Date of Award

Spring 6-1-2021

Document Type

Thesis (Undergraduate)

Department

Department of Computer Science

First Advisor

V.S. Subrahmanian

Abstract

Publicly available estimates suggest that in the U.S. alone, IP theft costs our economy between $225 billion and $600 billion each year. In our paper, we propose combating IP theft by generating fake versions of technical documents. If an enterprise system has n fake documents for each real document, any IP thief must sift through an array of documents in an attempt to separate the original from a sea of fakes. This costs the attacker time and money - and inflicts pain and frustration on the part of its technical staff.

Leveraging a graph-theoretic approach, we created the Clique-FakeKG algorithm to achieve a formalized adversary-aware standard. That is, even an attacker who knows our algorithm as well as every input other than the original Knowledge Graph must not be able to identify the real graph. We create a distance graph between all the KGs in our input universal set U where vertices are KGs and edges are only drawn between KGs if the distance between them is within a desired interval. Then, if an (n + 1)-clique in our distance graph contains K0, we have found n fake KGs that fall within the desired distance interval from one another and from K0. In our paper, we first discuss the complexity of this problem and show that it is NP hard. Next, we develop Clique-FakeKG to solve it using probability inspired by work in cryptography.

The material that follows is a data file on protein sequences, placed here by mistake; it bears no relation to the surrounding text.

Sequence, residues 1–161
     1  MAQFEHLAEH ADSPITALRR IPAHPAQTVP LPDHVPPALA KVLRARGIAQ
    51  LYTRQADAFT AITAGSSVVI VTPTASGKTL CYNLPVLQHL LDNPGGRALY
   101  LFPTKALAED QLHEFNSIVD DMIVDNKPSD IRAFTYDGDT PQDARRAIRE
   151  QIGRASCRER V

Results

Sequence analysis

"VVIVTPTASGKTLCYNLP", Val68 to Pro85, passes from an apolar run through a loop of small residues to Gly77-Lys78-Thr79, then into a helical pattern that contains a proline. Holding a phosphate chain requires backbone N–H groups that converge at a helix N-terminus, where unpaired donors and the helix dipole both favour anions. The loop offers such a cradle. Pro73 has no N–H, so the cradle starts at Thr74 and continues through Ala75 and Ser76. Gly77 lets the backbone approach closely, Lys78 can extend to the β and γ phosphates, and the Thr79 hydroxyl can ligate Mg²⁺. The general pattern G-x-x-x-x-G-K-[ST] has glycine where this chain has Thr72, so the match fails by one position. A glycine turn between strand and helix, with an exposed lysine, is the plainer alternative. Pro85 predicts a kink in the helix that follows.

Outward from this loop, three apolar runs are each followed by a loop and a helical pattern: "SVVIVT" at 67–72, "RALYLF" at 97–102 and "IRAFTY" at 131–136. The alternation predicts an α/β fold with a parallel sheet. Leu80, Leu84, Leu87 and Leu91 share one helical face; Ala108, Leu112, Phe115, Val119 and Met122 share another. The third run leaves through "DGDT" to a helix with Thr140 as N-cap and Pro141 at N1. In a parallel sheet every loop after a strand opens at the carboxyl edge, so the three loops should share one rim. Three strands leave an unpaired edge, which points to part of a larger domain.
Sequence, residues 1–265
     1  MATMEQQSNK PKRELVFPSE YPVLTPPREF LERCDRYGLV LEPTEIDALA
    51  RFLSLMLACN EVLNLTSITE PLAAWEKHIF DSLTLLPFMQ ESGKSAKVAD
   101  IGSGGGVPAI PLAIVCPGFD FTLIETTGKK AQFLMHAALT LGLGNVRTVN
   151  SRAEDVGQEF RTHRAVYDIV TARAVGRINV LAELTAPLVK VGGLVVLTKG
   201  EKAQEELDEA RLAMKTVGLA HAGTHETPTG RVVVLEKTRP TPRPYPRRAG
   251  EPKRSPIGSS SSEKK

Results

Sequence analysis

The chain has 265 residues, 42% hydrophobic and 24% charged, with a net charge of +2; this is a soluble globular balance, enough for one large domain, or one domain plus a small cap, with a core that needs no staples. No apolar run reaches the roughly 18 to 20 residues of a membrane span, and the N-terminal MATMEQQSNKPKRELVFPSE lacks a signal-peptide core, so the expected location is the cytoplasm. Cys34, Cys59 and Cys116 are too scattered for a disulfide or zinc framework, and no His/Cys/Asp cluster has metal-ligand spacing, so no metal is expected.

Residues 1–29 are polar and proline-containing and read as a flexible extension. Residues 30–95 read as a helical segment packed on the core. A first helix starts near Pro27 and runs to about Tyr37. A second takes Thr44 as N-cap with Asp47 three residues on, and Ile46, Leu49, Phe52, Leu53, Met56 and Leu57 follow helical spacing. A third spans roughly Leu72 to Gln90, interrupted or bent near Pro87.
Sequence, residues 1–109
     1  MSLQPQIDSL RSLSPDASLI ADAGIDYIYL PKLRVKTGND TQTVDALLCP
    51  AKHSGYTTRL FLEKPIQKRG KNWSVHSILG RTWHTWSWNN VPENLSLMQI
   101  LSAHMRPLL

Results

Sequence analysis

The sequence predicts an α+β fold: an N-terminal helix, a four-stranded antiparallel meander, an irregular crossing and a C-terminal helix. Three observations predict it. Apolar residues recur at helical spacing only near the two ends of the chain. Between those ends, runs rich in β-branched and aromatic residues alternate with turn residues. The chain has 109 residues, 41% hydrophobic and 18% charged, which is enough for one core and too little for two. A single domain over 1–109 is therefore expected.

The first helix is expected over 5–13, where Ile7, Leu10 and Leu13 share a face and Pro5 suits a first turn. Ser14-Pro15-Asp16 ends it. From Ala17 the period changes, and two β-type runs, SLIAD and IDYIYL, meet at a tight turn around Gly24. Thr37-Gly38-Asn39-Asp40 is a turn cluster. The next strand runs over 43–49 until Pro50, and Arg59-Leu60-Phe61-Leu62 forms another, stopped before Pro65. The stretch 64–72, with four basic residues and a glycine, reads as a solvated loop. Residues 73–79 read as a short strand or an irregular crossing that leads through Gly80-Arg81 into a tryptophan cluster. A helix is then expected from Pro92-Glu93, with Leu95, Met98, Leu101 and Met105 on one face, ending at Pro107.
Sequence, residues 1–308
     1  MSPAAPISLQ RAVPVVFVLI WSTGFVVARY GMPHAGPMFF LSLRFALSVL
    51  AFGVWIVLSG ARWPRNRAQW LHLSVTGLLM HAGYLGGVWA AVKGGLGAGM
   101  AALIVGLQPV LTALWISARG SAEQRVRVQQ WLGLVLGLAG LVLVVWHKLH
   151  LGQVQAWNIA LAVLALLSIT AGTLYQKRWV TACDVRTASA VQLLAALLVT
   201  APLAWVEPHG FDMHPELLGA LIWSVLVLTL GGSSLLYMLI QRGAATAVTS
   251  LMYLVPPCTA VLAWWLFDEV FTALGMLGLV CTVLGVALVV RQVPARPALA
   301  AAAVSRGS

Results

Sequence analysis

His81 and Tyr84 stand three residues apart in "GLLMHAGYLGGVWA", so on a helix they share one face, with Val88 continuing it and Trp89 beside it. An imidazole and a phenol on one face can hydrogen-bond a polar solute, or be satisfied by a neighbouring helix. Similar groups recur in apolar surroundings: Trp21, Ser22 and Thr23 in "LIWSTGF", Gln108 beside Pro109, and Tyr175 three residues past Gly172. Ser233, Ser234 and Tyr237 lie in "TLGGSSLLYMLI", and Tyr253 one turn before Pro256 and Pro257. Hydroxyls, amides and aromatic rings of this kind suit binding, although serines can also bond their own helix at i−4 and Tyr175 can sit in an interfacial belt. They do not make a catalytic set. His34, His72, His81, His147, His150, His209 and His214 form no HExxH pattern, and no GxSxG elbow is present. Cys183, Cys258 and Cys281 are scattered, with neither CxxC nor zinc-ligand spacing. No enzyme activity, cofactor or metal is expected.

When testing Clique-FakeKG on human subjects using 3 diverse real-world datasets, we achieved an 86.8% deception rate with users showing difficulty in distinguishing which KG from a set of KGs was the original K0 from which all the graphs were generated.

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